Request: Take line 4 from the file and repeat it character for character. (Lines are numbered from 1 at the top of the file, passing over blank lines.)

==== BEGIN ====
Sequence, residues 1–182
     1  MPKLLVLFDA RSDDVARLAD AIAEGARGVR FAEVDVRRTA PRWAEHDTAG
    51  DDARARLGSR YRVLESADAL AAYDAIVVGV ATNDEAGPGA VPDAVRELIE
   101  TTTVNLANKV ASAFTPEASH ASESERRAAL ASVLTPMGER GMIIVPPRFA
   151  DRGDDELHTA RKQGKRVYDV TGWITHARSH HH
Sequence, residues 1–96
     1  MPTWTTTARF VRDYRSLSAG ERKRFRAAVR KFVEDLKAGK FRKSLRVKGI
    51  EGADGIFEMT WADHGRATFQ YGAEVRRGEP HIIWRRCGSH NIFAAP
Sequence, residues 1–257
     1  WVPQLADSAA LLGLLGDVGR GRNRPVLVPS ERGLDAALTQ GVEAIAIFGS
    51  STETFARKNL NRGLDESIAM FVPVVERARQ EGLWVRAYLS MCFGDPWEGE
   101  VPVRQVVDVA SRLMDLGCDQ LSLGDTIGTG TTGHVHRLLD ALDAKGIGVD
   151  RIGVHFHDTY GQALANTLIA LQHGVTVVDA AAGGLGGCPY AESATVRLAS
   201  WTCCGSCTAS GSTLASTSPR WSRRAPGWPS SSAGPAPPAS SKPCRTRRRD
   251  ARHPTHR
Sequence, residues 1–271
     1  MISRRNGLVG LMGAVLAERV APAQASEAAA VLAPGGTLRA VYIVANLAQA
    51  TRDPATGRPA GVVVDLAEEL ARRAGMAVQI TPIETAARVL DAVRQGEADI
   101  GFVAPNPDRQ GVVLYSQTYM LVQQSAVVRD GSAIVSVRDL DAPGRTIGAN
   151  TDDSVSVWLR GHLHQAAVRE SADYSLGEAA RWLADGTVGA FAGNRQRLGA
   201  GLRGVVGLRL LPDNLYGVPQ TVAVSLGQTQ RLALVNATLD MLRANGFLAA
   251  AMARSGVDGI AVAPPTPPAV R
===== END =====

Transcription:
   101  TTTVNLANKV ASAFTPEASH ASESERRAAL ASVLTPMGER GMIIVPPRFA